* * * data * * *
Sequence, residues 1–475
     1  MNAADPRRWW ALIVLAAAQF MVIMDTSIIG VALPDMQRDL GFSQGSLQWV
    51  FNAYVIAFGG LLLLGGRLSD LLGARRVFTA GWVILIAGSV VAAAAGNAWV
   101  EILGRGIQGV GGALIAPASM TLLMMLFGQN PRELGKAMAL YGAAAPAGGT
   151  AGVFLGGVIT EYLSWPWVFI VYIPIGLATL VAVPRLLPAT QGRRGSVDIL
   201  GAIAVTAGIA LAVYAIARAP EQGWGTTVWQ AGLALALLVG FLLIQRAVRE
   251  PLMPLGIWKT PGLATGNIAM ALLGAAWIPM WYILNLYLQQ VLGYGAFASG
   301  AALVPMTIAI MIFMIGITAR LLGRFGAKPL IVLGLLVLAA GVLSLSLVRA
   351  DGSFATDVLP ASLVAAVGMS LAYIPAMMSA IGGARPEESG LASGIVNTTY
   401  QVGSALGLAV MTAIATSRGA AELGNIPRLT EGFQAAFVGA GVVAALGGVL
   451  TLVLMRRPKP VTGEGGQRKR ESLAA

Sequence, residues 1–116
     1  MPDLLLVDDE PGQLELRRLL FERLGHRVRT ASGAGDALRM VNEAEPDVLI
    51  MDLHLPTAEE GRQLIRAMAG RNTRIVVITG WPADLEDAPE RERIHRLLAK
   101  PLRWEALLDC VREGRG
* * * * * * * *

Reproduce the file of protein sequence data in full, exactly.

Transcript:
Sequence, residues 1–475
     1  MNAADPRRWW ALIVLAAAQF MVIMDTSIIG VALPDMQRDL GFSQGSLQWV
    51  FNAYVIAFGG LLLLGGRLSD LLGARRVFTA GWVILIAGSV VAAAAGNAWV
   101  EILGRGIQGV GGALIAPASM TLLMMLFGQN PRELGKAMAL YGAAAPAGGT
   151  AGVFLGGVIT EYLSWPWVFI VYIPIGLATL VAVPRLLPAT QGRRGSVDIL
   201  GAIAVTAGIA LAVYAIARAP EQGWGTTVWQ AGLALALLVG FLLIQRAVRE
   251  PLMPLGIWKT PGLATGNIAM ALLGAAWIPM WYILNLYLQQ VLGYGAFASG
   301  AALVPMTIAI MIFMIGITAR LLGRFGAKPL IVLGLLVLAA GVLSLSLVRA
   351  DGSFATDVLP ASLVAAVGMS LAYIPAMMSA IGGARPEESG LASGIVNTTY
   401  QVGSALGLAV MTAIATSRGA AELGNIPRLT EGFQAAFVGA GVVAALGGVL
   451  TLVLMRRPKP VTGEGGQRKR ESLAA

Sequence, residues 1–116
     1  MPDLLLVDDE PGQLELRRLL FERLGHRVRT ASGAGDALRM VNEAEPDVLI
    51  MDLHLPTAEE GRQLIRAMAG RNTRIVVITG WPADLEDAPE RERIHRLLAK
   101  PLRWEALLDC VREGRG